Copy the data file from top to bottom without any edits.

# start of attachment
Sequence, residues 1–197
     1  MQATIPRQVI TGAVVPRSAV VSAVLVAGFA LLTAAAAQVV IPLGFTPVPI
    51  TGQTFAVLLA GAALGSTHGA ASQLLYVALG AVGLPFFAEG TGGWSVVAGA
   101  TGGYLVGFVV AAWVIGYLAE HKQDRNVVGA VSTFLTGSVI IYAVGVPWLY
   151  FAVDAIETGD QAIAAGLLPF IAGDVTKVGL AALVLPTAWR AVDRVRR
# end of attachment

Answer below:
Sequence, residues 1–197
     1  MQATIPRQVI TGAVVPRSAV VSAVLVAGFA LLTAAAAQVV IPLGFTPVPI
    51  TGQTFAVLLA GAALGSTHGA ASQLLYVALG AVGLPFFAEG TGGWSVVAGA
   101  TGGYLVGFVV AAWVIGYLAE HKQDRNVVGA VSTFLTGSVI IYAVGVPWLY
   151  FAVDAIETGD QAIAAGLLPF IAGDVTKVGL AALVLPTAWR AVDRVRR